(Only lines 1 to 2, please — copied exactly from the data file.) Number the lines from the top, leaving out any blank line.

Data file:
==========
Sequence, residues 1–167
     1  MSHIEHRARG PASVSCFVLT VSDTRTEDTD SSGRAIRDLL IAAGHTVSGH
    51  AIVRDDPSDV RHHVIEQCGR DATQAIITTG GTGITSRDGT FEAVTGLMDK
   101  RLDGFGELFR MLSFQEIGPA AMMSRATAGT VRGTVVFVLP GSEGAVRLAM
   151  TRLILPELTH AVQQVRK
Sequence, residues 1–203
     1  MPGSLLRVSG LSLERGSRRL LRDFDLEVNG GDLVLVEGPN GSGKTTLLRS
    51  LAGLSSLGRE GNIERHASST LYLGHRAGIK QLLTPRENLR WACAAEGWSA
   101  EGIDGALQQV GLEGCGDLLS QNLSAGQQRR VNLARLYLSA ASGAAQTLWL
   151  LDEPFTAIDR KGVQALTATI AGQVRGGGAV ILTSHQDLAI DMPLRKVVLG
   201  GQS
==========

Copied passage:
Sequence, residues 1–167
     1  MSHIEHRARG PASVSCFVLT VSDTRTEDTD SSGRAIRDLL IAAGHTVSGH